Unless you were in a coma, you’re aware that Super Bowl LIII was held here in Atlanta a couple of weeks ago. My wife and I were invited to an event downtown and since the weather was good and we’d been blessed with one of the rarest treasures of Super Bowl week . . . a parking spot, we decided to stroll around awhile. As we turned down the main street of things, there was a host of preachers like the one pictured above. Always standing on something to create a kind of pulpit, always the same message. “God wants you to be saved.” “Repent!” “Turn from your sinful ways . . . God doesn’t want you to go to hell!” I didn’t see a single person stop to listen. Not one. People reluctantly took the gospel tracts only to toss them in the next trash can they saw.
But inside a nearby theater, we watched Run the Race, a new movie, arriving in theaters this weekend (February 22nd). The movie follows two brothers, living in poverty with only one parent (and he’s abandoned them for alcohol), their hope for a better life rides on athletics and college scholarships.
I’m not going to spoil the plot, but I’ll tell you I’ve never seen a more realistic or less hokey faith-based flick. Does the main character find salvation? Yes, but in a wholly realistic way. Unlike most neat and tidy Christian films, here none of the main character’s doubts or questions are answered. Instead, he cries out in desperation, finding peace even without getting what he wants. It’s a story with a good ending, but it’s not “make Jesus your choice and get a Rolls Royce!” It isn’t one of those soapy, sappy, Jesus films either. It’s gritty. It’s painful. And it’s beautiful, all at the same time.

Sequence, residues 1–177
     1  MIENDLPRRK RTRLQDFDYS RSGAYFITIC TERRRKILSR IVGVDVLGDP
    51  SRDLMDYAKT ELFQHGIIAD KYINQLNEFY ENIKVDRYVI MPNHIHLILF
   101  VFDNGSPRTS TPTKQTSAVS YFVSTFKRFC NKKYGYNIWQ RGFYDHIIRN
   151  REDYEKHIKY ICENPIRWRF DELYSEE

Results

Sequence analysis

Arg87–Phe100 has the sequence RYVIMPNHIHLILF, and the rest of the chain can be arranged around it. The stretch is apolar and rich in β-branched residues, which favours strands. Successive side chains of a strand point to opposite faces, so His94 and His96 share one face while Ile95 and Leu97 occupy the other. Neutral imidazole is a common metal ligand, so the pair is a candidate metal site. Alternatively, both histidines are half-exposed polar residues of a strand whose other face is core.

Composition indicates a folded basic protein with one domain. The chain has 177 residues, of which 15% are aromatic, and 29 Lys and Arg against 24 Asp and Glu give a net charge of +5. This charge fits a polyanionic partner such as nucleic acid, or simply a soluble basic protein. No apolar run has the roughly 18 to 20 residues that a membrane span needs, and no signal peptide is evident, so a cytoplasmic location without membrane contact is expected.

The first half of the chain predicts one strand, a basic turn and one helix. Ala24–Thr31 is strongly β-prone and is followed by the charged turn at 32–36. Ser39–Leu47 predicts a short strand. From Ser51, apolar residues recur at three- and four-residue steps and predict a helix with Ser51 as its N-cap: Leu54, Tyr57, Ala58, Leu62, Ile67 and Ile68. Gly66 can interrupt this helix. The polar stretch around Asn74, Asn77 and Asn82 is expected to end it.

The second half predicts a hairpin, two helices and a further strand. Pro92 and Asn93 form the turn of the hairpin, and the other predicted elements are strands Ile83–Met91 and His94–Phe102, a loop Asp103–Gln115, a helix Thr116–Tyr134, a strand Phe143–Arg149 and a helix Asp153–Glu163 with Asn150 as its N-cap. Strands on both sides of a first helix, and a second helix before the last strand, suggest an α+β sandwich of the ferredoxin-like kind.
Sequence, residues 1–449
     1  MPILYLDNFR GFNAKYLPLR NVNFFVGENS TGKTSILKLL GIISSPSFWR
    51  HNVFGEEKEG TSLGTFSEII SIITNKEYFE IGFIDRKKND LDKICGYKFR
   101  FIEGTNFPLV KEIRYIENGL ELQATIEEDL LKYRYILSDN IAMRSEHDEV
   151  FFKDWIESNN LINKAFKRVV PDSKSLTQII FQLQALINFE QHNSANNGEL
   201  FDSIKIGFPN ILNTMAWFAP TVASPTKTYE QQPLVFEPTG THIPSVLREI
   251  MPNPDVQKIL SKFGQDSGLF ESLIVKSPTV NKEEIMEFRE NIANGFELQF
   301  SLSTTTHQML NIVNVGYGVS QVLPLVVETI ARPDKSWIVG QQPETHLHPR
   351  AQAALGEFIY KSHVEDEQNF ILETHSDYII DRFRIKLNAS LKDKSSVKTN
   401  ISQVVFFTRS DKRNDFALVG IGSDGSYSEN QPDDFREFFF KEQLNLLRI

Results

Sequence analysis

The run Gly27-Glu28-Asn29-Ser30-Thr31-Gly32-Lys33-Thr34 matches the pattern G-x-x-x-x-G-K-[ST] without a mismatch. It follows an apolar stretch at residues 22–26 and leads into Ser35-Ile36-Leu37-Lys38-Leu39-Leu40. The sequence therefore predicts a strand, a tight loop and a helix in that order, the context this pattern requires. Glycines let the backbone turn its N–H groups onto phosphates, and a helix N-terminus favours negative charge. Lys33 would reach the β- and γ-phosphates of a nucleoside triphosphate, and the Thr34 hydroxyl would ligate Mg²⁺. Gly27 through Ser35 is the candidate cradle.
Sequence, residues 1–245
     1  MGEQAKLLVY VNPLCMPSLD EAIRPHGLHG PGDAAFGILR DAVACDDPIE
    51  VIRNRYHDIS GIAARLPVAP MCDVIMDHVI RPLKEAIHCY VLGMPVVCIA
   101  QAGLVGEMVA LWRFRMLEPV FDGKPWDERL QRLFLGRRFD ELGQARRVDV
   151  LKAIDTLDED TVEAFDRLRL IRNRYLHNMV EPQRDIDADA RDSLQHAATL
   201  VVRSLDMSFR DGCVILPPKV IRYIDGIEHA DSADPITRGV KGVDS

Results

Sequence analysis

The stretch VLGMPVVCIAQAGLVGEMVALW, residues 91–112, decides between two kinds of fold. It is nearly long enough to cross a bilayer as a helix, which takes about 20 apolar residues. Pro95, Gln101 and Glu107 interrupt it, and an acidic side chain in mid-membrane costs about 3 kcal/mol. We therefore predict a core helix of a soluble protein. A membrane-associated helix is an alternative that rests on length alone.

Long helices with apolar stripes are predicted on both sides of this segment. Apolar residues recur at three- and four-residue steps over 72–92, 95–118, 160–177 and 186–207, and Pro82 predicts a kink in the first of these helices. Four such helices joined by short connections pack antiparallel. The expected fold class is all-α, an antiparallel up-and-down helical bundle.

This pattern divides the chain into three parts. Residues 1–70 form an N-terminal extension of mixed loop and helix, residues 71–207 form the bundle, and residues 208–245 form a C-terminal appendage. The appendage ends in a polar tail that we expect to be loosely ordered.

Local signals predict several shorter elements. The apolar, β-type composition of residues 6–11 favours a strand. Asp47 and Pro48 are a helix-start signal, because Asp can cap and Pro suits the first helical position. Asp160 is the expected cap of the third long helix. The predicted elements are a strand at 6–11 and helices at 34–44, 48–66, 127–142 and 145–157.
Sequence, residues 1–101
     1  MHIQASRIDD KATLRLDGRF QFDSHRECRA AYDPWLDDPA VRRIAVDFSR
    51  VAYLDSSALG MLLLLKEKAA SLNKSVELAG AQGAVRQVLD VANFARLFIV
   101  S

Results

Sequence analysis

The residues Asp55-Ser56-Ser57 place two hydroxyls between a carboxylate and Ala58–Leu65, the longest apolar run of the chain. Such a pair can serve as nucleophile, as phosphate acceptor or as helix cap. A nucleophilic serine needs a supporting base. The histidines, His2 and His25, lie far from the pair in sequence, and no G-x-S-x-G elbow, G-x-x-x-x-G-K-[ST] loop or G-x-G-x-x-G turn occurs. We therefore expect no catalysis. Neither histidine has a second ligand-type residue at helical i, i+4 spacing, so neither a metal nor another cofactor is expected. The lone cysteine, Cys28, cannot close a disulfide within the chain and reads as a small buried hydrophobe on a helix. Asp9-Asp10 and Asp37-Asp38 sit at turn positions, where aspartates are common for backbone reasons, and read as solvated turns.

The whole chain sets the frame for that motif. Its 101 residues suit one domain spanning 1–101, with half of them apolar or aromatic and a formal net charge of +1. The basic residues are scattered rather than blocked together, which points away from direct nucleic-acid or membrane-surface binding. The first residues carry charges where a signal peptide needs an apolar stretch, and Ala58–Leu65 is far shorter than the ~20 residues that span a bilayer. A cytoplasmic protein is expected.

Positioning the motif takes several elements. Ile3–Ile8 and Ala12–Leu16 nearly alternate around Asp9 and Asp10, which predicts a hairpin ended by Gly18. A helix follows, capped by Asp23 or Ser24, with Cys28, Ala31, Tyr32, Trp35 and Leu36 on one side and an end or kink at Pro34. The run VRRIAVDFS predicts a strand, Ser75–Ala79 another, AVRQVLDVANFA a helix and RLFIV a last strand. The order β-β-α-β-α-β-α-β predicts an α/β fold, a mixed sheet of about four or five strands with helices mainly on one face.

If we’re going to communicate the Gospel to the next generation, it’s not going to be standing on pedestals in parks preaching at the top of our voices. It’s going to be done as Jesus did it . . . through stories. Stories our kids and other young people can see themselves and their friends in. It can be our own stories, told around the dinner table, over coffee, or in a mentoring group. And also, through fictional or dramatized stories that convey the love of Jesus, of which Run the Race is of the best I’ve seen.
To see the trailer, find a theater near you, or buy advance tickets, go to runtheracemovie.com.
Challenge: Consider how you can communicate God’s love through stories. Invite someone to go see the movie with you and offer to buy them a coffee afterward and share one of your stories.
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